Olympic History: Atlanta, Scheidt, and Ainslie
Published on July 7th, 2016
by Fi Edwards, World Sailing
Ask an Atlanta local when to come visit and chances are the end of July won’t be first choice. Weather conditions during the last two weeks of the month can be notoriously brutal, and the summer of the 1996 Olympic Games was no exception.
During the day the mercury regularly climbed to 95° or 104° F (35° or 40° C) and came accompanied by fearsome storm-heralding humidity of 89%. The opening ceremony at the sailing venue in Savannah, over 300 miles (500km) from Atlanta, had to be called off after an hour as the thunder raged. The competition on the waters of the Wassaw Sound would be as intense as the weather.
Despite the storms, around 1000 spectators a day came out to the course, looking for a show, and sailing delivered in spectacular style thanks, in part, to the rivalry between two young Laser sailors, Robert Scheidt (BRA) and Ben Ainslie (GBR).
Scheidt was at the top of his game, Ainslie a rising star. The pair had battled each other throughout the week, sharing five race wins out of ten. Heading into the 11th and final Laser race, Scheidt held a two-point lead over his rival. As long as Ainslie didn’t finish three places in front of him gold was secure.
On the water, tension was high. The first attempt at a start for the Laser fleet resulted in a general recall as boats jostled for position. The second ended the same way. Time was creeping on, so as the four-minute gun went for the third time the race committee hoisted a visual signal that brings an ominous feeling to any startline; the black flag.
The black flag makes sailors twitchy because it signals the switching on of Rule 30.3: instant disqualification for any boat over the line after the one-minute signal even if the race is restarted, resailed, or rescheduled. The raising of the black flag might have indicated to other competitors that it was time to plan for a more conservative start, but for Scheidt it would signal a golden opportunity.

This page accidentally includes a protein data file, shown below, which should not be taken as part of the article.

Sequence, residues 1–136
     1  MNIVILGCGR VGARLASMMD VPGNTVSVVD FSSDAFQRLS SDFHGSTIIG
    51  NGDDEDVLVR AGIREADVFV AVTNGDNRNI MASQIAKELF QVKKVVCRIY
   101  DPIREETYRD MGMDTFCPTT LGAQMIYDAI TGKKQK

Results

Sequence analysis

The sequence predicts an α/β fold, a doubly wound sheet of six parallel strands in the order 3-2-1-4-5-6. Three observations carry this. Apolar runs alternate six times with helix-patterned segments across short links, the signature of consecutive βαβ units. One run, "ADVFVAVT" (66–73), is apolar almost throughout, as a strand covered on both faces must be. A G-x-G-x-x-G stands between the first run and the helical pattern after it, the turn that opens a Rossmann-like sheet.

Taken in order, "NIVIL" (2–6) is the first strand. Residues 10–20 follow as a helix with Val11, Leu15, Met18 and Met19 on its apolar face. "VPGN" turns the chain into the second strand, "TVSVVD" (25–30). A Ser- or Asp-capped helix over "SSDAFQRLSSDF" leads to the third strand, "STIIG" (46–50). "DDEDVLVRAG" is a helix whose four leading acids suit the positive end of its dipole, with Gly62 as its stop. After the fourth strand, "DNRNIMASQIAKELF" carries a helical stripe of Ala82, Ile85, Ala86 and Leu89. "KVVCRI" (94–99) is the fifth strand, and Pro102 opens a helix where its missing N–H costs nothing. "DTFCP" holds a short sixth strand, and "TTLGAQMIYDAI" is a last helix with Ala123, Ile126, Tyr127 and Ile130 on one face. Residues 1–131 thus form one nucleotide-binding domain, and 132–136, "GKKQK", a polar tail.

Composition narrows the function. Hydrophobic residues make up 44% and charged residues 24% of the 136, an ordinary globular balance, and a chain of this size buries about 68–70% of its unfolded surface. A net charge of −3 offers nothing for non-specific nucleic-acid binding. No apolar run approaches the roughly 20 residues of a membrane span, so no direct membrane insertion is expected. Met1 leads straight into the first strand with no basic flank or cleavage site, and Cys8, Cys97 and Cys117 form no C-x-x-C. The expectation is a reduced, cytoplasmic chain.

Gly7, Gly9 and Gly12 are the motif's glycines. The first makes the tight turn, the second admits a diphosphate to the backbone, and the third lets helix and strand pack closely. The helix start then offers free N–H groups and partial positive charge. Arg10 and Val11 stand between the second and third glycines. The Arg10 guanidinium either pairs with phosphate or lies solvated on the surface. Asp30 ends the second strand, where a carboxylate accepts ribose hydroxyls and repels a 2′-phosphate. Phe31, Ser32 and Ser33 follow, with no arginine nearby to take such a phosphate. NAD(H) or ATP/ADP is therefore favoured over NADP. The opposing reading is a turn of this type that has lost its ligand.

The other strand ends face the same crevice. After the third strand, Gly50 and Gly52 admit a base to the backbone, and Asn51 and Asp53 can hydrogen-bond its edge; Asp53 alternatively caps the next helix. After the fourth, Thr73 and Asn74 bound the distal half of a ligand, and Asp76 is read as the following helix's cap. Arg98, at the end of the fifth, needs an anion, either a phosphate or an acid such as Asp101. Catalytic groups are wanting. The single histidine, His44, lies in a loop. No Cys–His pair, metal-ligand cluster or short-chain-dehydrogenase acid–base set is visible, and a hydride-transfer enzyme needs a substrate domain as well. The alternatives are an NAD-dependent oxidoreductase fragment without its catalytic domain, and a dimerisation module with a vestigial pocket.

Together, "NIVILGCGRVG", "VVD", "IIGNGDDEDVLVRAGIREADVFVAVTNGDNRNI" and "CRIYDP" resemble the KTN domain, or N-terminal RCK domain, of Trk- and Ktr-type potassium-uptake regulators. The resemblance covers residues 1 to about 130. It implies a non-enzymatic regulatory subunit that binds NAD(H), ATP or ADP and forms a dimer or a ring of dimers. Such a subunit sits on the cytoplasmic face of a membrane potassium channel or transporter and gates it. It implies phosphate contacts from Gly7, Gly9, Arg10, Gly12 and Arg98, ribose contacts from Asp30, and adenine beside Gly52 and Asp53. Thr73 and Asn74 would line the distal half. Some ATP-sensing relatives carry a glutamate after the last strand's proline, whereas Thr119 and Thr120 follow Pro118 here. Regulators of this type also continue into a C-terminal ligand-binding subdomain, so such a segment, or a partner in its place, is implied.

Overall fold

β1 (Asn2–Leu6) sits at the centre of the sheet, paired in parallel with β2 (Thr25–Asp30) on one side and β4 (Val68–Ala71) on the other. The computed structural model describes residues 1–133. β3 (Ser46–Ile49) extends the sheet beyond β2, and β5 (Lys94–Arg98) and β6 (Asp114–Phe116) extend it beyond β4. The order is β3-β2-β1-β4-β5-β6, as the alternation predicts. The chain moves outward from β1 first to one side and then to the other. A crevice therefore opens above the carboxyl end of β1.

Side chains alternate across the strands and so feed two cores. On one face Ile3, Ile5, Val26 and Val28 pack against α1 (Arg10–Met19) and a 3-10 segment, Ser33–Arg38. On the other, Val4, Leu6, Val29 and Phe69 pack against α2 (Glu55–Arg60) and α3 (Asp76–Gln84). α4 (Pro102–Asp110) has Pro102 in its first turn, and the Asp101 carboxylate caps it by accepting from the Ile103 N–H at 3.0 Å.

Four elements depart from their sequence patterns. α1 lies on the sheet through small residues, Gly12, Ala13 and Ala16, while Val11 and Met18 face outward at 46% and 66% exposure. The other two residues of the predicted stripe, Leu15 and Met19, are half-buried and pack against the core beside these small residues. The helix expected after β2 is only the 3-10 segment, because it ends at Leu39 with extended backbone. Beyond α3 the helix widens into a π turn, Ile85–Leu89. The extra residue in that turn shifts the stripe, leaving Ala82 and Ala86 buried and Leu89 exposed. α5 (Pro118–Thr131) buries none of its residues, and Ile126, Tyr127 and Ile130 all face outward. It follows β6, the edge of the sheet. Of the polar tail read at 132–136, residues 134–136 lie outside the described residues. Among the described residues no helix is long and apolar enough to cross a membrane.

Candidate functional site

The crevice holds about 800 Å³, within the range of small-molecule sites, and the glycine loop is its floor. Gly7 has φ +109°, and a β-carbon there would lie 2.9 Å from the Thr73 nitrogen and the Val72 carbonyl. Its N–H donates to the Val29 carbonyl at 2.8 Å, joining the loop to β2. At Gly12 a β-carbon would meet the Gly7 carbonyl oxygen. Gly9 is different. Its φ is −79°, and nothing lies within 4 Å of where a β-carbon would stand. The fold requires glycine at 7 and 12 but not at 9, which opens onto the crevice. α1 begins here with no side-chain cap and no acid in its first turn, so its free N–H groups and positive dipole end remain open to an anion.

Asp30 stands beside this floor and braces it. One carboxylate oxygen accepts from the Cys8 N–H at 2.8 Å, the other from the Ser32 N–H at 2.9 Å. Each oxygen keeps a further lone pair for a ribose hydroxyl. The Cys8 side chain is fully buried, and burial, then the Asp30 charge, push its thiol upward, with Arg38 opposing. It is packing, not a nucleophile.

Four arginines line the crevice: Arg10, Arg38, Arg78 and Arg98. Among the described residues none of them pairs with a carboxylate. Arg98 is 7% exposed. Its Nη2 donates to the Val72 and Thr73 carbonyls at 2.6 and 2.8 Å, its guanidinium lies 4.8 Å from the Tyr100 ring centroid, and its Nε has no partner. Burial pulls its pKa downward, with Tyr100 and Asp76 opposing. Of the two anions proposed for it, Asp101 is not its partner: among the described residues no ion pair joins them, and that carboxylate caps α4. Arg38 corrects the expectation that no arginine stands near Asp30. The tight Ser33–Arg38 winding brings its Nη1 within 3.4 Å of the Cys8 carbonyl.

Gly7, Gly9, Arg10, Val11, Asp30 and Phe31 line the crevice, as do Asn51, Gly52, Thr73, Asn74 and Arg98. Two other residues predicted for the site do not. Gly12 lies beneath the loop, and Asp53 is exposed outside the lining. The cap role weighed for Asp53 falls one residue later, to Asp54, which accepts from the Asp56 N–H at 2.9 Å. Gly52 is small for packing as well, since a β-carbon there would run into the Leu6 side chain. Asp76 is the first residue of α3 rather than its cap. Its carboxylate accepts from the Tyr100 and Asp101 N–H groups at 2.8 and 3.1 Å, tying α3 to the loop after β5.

Sailing’s scoring system in Savannah dictated that 11 races would be sailed and each boat’s best nine results would be counted. Scheidt’s discards were better than Ainslie’s, so to count one would still deliver the Brazilian the gold medal where, counting his own better result, Ainslie would have to settle for silver. Trusting to the outcome of the race was not a risk that Scheidt would have to take if he could push his teenage rival over the line in the final minute.
It couldn’t and wouldn’t be a case of ‘if’ but ‘when’. Scheidt’s masterful boat handling was already legendary in the Laser fleet but it would be on this start that it would be demonstrated to full effect. The Brazilian was comfortable; feeling the pressure but able to stand it, while Ainslie was on a high and brimming with anticipation and nervous energy.
With brutal efficiency Scheidt, finessed the impatient British teenager over the line. Ainslie could only watch as the race went on without them, battle denied and his gold medal hopes gone. Robert Scheidt had won Olympic gold.
Scheidt’s first gold in Atlanta would be joined by another gold (Laser), two silver (Laser and Star), and one bronze (Star) as well as 12 world titles. Most athletes might look at a career like that and call it job done but Robert Scheidt is not most athletes. The Brazilian Laser legend’s attitude and drive have kept him at the top of the sport for more than two decades.
This year, twenty years after winning his first gold in Savannah, Robert Scheidt will line up on the Laser start in Rio de Janeiro. In body, he might be 43 years, but in soul he will be 23 again. Driving him is a dream, a dream to take a medal on Guanabara Bay in front of home crowds. A final accolade to complete the impressive tally which makes him Brazil’s all-time greatest Olympic athlete.